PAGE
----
Next May, Brown County voters might be asked to support a property tax increase to help fund the schools and the Career Resource Center.
No decisions have been made on whether a referendum will be placed on the ballot, how much would be asked of taxpayers, or what the money would be used for.
School board conversations have been focused on supporting the CRC and/or the school district’s general fund.
The question for some voters may be: How do the two work together?
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According to Director Dave Bartlett, the relationship continues to grow and evolve to support one of the county’s biggest assets: The students.
The CRC has received local property tax money ever since a referendum passed in 2010. Last year, it brought in $122,600.
The idea of asking voters for another referendum came about because no substitute for that revenue has been identified, said Superintendent David Shaffer.
“We are kind of at the point where I think we have to put the same type of issue to the voters: Do they feel like this kind of a program has enough value that they’ll support it with some additional tax revenue?” he said.
College, high school support
Since the first referendum passed, Bartlett has been keeping track of what the CRC provides to the schools — and vice versa.The CRC has a working relationship with the high school and its students, he said.High school graduates who wish to start out in smaller classrooms before moving to campus can register for Ivy Tech classes at the CRC.
The CRC works to help them realize they can be successful in college by building their confidence, providing a support system they may not receive at a larger university, according to Bartlett.
The CRC and Brown County High School also are working together to reach students before they graduate — and before they drop out — to let them know of their options.
When the high school learns a student is thinking of leaving school, the school contacts the CRC to set up a meeting, said Brown County High School Principal Shane Killinger.
“We, in no way, want to be the bailout method for high school, because the best alternative is for students to finish at the high school and graduate with a high school degree,” Bartlett said.
“But sometimes when people exit, if you don’t have some communication or linkage between the CRC as an alternative place to come to finish their high school education, then those people are going to seemingly disappear.”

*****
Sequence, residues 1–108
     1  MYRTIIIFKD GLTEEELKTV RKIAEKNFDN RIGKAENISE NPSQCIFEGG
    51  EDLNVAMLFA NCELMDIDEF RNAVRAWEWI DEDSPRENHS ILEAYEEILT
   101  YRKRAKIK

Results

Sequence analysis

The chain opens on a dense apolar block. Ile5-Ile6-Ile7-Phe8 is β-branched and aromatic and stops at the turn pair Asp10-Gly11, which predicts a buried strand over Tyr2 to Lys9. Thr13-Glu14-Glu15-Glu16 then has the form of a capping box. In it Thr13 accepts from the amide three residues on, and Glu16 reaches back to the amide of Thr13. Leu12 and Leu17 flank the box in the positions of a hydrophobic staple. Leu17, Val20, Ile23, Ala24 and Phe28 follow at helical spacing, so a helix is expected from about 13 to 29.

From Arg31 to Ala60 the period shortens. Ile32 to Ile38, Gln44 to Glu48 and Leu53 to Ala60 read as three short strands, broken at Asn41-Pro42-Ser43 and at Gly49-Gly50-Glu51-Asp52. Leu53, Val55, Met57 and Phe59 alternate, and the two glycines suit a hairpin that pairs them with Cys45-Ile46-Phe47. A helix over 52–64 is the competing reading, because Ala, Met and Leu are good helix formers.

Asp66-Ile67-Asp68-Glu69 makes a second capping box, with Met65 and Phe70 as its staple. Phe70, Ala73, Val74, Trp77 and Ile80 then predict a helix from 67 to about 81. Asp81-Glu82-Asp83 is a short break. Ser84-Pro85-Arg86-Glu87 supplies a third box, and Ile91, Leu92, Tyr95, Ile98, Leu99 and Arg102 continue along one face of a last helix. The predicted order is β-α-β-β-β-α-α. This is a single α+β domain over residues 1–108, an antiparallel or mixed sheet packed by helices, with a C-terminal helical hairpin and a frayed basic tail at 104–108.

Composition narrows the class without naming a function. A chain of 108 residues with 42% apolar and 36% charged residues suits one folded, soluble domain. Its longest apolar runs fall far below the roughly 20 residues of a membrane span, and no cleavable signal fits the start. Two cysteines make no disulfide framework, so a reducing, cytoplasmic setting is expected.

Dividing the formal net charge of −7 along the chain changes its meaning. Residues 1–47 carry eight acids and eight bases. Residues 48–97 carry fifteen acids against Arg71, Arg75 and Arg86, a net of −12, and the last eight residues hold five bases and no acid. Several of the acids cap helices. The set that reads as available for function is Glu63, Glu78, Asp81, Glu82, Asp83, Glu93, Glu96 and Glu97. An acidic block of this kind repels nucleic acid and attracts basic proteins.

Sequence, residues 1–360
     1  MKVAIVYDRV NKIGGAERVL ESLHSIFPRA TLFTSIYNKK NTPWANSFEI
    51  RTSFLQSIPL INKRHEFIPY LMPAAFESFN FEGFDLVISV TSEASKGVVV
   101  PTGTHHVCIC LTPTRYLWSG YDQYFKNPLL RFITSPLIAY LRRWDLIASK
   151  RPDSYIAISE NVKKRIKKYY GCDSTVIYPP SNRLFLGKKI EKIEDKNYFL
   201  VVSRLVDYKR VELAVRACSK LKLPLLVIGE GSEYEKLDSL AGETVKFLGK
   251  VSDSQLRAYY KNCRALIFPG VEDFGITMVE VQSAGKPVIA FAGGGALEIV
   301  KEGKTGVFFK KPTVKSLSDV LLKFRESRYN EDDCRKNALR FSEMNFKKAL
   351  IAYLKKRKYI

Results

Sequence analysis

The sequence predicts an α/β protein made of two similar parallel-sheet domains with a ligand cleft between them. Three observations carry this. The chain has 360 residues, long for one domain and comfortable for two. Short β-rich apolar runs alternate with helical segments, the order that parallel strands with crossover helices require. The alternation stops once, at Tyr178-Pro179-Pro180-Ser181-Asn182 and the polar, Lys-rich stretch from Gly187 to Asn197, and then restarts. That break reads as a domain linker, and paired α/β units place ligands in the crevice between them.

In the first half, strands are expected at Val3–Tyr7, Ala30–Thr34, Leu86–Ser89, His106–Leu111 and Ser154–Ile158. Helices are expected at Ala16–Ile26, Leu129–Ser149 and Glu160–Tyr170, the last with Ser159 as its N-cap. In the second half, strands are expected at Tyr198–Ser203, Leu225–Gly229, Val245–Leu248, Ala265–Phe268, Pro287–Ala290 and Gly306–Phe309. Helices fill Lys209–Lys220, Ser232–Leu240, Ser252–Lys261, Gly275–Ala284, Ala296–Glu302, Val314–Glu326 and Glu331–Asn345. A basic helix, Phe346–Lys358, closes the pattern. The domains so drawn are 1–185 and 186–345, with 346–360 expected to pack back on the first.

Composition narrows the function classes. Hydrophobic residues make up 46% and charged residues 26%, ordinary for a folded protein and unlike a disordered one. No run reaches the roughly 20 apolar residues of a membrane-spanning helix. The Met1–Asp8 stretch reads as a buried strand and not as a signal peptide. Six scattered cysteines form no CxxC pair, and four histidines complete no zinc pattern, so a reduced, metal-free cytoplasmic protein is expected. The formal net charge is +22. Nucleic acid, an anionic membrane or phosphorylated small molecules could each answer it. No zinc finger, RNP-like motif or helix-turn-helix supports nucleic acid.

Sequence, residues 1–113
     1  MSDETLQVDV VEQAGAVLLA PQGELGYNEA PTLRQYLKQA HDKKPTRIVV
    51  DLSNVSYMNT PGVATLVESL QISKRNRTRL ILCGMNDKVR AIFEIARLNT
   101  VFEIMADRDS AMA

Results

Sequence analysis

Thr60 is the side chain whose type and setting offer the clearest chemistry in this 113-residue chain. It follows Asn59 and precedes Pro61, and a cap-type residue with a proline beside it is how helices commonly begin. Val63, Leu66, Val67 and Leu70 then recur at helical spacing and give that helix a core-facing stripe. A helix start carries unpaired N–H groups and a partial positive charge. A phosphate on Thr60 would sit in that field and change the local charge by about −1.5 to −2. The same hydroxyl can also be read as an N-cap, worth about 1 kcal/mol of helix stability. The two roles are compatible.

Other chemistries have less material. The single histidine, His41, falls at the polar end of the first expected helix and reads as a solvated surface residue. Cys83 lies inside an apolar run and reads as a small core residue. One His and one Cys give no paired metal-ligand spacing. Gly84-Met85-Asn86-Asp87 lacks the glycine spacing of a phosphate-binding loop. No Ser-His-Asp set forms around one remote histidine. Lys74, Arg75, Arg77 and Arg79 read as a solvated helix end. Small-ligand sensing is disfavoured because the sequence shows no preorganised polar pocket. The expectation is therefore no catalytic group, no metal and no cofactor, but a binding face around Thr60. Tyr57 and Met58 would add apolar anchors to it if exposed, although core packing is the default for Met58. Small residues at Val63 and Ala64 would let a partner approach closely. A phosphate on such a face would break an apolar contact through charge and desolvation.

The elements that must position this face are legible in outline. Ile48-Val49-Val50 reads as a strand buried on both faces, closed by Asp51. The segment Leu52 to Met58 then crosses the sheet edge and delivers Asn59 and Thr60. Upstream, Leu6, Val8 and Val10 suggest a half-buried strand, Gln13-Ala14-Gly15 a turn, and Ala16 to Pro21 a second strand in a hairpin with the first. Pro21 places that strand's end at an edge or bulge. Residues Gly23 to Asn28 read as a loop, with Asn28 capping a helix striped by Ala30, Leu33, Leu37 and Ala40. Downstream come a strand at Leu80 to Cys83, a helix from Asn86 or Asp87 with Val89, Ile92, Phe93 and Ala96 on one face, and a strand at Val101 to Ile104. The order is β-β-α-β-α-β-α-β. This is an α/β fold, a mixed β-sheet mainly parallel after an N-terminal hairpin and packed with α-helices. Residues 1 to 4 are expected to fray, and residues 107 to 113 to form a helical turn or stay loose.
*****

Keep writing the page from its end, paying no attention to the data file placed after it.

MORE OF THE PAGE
High school teachers Vince McCann and Barb Kelp instruct the school’s career classes. Students who aren’t planning to go to college can take the class.
Bartlett sets up mock job interviews and directs students to take the WorkKeys exam at the CRC, which assesses fundamental English and math skills. Every question is related to what employees are expected to do on the job at a company like Cook Medical.
Bartlett also is the college admissions representative for the Brown County College and Career Success Coalition. The coalition’s goals include not only getting more students to enroll in education beyond high school, but also to increase success rates in the first four years of college. Other members include Killinger and Assistant Principal Angie Evans.
In addition, the CRC and schools are connected through shared teaching programs. The CRC contracts with online Plato Courseware for adult education. That program also offers SAT prep and credit recovery, and the CRC and schools now share the cost of it.
The CRC approaching the high school to share those resources began a “cultural shift,” Bartlett said.
“The high school started to look at the CRC differently,” he said. “We had something they could benefit from, so why wouldn’t you share that?”
Killinger said he relationship between the two entities is beneficial for students.
“The CRC has the same philosophy as us. We’re always looking for ways to improve to help the kids,” he said. “That’s our jobs.”
Working with school corporation
The school district also works with the CRC on the corporation level.Al Kosinski, director of student services, sends special education teachers to the CRC to take American Sign Language classes.Corporation bus drivers take their yearly certification renewal exam on the CRC’s computers.